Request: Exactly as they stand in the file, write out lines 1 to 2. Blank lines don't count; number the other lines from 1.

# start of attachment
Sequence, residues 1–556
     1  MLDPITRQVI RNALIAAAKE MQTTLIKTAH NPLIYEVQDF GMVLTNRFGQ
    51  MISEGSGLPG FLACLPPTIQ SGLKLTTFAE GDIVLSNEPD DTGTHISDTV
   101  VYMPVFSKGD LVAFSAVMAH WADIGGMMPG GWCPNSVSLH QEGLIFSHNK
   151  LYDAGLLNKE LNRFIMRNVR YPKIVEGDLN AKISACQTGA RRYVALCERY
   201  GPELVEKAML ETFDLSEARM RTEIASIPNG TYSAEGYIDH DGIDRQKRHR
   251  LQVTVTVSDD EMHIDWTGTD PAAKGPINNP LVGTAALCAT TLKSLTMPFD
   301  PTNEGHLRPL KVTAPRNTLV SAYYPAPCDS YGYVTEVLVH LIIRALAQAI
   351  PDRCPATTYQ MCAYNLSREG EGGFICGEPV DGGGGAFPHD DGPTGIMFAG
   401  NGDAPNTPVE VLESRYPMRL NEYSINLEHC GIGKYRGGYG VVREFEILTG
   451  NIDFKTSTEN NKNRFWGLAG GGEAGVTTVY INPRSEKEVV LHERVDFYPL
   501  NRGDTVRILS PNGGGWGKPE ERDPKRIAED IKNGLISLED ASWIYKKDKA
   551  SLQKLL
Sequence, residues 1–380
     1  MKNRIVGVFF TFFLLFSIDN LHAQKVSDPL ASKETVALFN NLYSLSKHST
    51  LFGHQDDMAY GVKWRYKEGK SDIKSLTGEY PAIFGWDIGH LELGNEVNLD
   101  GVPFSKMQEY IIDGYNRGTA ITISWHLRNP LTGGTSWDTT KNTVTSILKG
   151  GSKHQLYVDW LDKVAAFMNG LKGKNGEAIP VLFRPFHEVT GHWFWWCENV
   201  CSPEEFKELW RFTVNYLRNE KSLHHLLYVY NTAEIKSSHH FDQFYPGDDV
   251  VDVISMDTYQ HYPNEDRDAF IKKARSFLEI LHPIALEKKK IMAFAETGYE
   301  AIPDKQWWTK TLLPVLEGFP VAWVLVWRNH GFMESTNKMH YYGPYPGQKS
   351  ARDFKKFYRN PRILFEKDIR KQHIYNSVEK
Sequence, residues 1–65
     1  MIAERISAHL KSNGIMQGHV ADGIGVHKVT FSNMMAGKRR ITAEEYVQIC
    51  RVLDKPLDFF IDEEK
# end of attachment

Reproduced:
Sequence, residues 1–556
     1  MLDPITRQVI RNALIAAAKE MQTTLIKTAH NPLIYEVQDF GMVLTNRFGQ